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Covid tiers: Boris Johnson says measures will bring clarity

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media captionBoris Johnson addresses criticism of "tough" tiers plan

Boris Johnson has defended his decision to place 55 million people in England into the two highest tiers of Covid restrictions, arguing the country needs "simplicity and clarity".

The PM said measures due to come in when lockdown ends on Wednesday were more "relaxed" but would "drive" Covid down until a vaccine is available.

But a group of Tory MPs is threatening to rebel in a Commons vote on Tuesday.

If Labour backs them, this could threaten the government's majority.

There is concern that the government is adopting a "one-size-fits all" approach, which does not reflect local levels of infection.

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From Wednesday, more than 32 million people are due to be living under tier two restrictions, banning indoor meetings between households.

A further 23 million people would be placed under the highest - tier three - restrictions, which further limit contact between people outdoors.

Just over 1% of England's population would enter the lowest - tier one - restrictions, under which the "rule of six" applies both indoors and outdoors.

'Borough basis'

Conservative MP and former cabinet minister Damian Green, who represents Ashford, in Kent, which is set to go into tier three, told the BBC he would vote against the government unless it provided "new and convincing evidence".

"Instead of having these wide county-based areas, where people are put in tiers, then we should do it on a borough basis," he said.

"In an area like mine, the incidence is less than it is in Liverpool, which has just been released down into tier two. So, as it stands, the current policy, the current allocation of tiers on these wide bases, are just not evidence-based."

media captionHow you and your family can celebrate Christmas and minimise the spread of coronavirus

Speaking on a visit to Public Health England laboratories, at Porton Down, Wiltshire, Mr Johnson said he understood the "frustration" of those in higher-tier areas, whose own town or village did not have high levels of the disease.

But he added that the government "cannot divide the country up into loads and loads of very complicated sub-divisions" and had to ensure "some simplicity and clarity".

"Unless you beat the problem in the high-incidence area, the low-incidence area, I'm afraid, starts to catch up," Mr Johnson said.

He said "tough tiering" was still more "relaxed by a long way than the current lockdown measures" and it would "drive the disease down... until a vaccine comes on stream, which we hope will be over the next weeks and months".

Asked about mass Covid testing, Mr Johnson said: "The supply [of kits] I don't think is going to be the problem. The issue is going to be getting everybody mobilised to understand the potential advantage of [it]."

Aware of the disquiet on its own backbenches, the government has promised to publish impact assessments of the new restrictions; a key demand from concerned MPs.

There's also a suggestion that areas could move into lower tiers when numbers are reviewed at regular intervals.

But that's unlikely to see off the brewing Tory rebellion.

Some Conservatives have already publicly declared that they won't vote for the new tier system when it's put before the Commons next week.

If enough rebel the government might have to look to the opposition to get this through Parliament.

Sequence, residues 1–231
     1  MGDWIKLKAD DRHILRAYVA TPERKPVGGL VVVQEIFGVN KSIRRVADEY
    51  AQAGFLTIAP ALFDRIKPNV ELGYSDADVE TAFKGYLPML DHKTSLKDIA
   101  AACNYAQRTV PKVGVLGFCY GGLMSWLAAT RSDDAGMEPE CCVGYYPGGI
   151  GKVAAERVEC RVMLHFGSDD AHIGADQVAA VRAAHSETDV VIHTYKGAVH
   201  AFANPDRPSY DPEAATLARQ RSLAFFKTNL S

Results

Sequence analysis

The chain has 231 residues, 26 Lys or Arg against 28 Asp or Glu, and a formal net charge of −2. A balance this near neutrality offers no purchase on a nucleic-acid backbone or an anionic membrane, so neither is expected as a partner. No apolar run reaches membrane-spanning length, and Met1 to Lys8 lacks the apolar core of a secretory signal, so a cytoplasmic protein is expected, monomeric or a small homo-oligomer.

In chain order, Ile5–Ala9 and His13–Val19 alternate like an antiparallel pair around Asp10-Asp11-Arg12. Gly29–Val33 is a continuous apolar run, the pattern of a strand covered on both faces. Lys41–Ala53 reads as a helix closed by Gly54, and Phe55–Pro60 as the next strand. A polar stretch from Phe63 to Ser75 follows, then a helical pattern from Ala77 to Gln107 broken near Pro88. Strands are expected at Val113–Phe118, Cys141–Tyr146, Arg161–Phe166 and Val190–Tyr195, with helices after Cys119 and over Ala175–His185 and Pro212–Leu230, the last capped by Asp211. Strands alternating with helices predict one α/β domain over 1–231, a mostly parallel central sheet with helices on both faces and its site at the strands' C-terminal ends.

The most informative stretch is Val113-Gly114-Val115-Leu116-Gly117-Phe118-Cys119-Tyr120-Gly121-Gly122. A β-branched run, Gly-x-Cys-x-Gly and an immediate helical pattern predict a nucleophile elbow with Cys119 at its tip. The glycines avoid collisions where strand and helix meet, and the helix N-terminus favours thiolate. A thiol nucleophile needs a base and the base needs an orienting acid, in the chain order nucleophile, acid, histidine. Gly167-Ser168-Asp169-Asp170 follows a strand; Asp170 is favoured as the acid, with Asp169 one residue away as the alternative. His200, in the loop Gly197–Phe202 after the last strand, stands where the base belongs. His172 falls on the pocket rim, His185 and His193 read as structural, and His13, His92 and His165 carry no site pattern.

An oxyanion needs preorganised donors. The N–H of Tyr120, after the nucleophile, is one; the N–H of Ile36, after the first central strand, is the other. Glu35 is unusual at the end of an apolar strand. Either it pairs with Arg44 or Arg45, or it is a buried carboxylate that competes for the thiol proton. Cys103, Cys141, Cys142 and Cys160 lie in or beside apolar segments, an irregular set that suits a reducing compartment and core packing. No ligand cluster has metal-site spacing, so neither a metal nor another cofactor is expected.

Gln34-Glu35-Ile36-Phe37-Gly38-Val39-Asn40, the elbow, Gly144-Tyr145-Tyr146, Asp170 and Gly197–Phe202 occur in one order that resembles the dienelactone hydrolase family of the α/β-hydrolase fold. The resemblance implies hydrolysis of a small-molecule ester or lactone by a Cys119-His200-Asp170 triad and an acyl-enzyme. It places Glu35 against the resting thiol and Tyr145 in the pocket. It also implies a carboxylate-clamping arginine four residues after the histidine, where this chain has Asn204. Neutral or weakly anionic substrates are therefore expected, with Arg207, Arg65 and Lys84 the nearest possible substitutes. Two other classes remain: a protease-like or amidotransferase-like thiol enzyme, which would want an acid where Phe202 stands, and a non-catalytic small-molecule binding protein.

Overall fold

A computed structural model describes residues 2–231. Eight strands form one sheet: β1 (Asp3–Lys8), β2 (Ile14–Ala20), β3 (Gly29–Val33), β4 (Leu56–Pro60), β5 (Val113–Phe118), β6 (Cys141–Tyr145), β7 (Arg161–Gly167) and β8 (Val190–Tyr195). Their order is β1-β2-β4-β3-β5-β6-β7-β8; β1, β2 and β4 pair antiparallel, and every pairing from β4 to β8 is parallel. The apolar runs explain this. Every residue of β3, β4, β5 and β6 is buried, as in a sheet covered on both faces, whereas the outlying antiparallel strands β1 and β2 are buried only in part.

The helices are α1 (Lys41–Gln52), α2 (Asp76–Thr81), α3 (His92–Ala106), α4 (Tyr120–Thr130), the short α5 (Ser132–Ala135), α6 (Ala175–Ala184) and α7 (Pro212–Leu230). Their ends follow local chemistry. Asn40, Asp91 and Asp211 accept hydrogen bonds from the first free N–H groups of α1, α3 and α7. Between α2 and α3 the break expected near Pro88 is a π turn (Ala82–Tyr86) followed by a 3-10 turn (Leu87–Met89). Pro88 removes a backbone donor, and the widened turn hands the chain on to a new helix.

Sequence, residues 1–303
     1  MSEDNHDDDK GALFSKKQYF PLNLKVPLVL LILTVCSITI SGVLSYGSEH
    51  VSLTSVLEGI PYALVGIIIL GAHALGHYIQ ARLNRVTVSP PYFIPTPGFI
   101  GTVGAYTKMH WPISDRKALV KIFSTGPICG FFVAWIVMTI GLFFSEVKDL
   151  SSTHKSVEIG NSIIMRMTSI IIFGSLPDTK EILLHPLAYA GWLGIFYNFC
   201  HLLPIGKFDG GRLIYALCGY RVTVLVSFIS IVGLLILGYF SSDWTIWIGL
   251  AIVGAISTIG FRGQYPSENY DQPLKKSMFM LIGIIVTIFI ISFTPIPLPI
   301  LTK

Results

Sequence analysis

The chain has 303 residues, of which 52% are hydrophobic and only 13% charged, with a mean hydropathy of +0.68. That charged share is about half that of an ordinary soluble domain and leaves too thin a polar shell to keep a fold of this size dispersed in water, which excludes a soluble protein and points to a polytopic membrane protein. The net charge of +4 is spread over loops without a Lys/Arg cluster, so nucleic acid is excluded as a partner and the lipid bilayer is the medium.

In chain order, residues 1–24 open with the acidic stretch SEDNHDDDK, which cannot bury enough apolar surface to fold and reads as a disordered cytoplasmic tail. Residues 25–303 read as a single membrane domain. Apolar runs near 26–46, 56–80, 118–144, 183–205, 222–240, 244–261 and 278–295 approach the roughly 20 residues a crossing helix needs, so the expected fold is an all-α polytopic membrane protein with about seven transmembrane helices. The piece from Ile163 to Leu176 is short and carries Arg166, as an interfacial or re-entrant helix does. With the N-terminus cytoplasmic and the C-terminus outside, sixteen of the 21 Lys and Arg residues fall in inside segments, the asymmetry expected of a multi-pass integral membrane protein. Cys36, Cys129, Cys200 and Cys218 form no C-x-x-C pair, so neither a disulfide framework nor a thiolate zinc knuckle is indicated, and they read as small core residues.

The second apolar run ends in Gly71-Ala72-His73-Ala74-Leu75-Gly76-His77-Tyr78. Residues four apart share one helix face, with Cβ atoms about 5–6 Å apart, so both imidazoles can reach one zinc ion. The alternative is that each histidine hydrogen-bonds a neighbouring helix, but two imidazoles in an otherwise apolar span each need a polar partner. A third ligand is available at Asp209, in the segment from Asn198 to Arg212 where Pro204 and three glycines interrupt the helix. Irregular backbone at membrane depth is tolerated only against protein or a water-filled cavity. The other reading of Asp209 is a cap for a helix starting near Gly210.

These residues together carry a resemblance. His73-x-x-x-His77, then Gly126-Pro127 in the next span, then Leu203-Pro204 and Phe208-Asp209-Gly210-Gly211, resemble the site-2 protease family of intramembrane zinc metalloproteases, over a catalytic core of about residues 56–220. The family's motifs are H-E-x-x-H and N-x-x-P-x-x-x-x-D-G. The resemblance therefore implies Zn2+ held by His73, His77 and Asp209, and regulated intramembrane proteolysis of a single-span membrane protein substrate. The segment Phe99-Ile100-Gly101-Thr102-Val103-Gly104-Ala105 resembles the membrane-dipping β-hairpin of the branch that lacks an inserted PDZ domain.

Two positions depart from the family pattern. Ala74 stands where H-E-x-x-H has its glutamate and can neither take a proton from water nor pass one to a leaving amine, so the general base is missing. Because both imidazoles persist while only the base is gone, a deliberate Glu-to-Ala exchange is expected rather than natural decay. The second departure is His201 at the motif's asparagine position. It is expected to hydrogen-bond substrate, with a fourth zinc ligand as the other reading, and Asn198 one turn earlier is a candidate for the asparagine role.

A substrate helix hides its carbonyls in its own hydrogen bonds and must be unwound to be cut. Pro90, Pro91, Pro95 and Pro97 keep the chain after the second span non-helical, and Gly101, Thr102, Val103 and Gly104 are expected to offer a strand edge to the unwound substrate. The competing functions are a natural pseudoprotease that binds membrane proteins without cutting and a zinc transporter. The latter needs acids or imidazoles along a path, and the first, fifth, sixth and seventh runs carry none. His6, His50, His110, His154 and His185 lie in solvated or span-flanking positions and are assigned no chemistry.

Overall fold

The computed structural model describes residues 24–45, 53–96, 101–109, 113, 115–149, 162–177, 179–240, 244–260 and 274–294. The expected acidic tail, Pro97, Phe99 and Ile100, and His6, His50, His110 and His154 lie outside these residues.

Sir Keir Starmer is still deciding whether his party will back the plan, although it is likely to have enough support overall.

However, it's not a good look for the government to have to rely on Labour in the face of unrest on its own benches.

The Covid Recovery Group of Conservative MPs, set up to scrutinise the government's response to the pandemic, is threatening a revolt in next Tuesday's vote.

The group's chair, Mark Harper, said evidence provided by the government to justify the tier system was not "compelling". He called for more information on the measures' effects on different sectors of the economy.

He added that on "too many occasions, ministers have made arguments and they've not stacked up".

Deputy chairman Steve Baker called the measures "truly appalling" and said the modelling used by government scientists had been "wrong time and time again".

The group claims to have 70 members, but it is not certain how many of them would be expected to rebel against the government.

media captionThe BBC's Laura Foster explains the new three tier system for England.

Forty-three Conservatives would have to defy the prime minister to defeat the plan, if all opposition MPs also voted against.

Labour leader Sir Keir Starmer is expected to decide early next week whether to support Mr Johnson, after consulting government coronavirus experts.

Shadow health secretary Jonathan Ashworth said Labour was "not against" tougher restrictions or tiers, but would seek "reassurances" on support for the poor and vulnerable.

Under the government's plan, Kent and large parts of the Midlands, north-east and north-west England would go into tier three.

Only Cornwall, the Isles of Scilly and the Isle of Wight would be in tier one.

Mr Johnson said the government's planned "review point" - on 16 December - gave the "prospect of areas being able to move down the tier scale".

But Professor John Edmunds, a member of the government's Scientific Advisory Group for Emergencies (Sage), said he could not imagine "huge changes" to restrictions by then.

He told BBC Radio 4's Today programme that experts were unlikely to "have accumulated much data" in time.

The government has promised to publish an impact assessment before MPs vote on the new rules.

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